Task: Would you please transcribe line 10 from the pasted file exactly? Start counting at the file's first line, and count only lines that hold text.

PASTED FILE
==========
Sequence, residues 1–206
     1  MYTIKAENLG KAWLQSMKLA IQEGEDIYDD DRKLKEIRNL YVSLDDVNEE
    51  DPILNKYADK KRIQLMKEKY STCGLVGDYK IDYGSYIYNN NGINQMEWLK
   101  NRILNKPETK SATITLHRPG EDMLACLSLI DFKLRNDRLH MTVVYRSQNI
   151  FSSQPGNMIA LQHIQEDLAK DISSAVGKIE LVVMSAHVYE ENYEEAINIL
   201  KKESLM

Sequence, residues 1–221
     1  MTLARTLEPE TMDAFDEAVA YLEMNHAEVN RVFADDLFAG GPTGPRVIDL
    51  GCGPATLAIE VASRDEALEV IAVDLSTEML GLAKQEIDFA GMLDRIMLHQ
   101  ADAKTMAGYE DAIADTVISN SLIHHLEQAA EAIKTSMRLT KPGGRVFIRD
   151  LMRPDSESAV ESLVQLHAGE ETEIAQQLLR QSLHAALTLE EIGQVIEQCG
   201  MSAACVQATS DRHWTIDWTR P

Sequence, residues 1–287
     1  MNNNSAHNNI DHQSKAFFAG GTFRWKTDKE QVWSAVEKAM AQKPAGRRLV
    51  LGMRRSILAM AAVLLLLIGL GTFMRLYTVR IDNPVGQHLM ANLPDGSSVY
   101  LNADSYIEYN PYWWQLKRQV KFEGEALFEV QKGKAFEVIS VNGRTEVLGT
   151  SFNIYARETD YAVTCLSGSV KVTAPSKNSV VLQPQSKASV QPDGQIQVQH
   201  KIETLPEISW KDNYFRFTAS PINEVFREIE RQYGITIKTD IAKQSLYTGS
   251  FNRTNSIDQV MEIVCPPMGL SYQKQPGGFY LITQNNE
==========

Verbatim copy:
   101  ADAKTMAGYE DAIADTVISN SLIHHLEQAA EAIKTSMRLT KPGGRVFIRD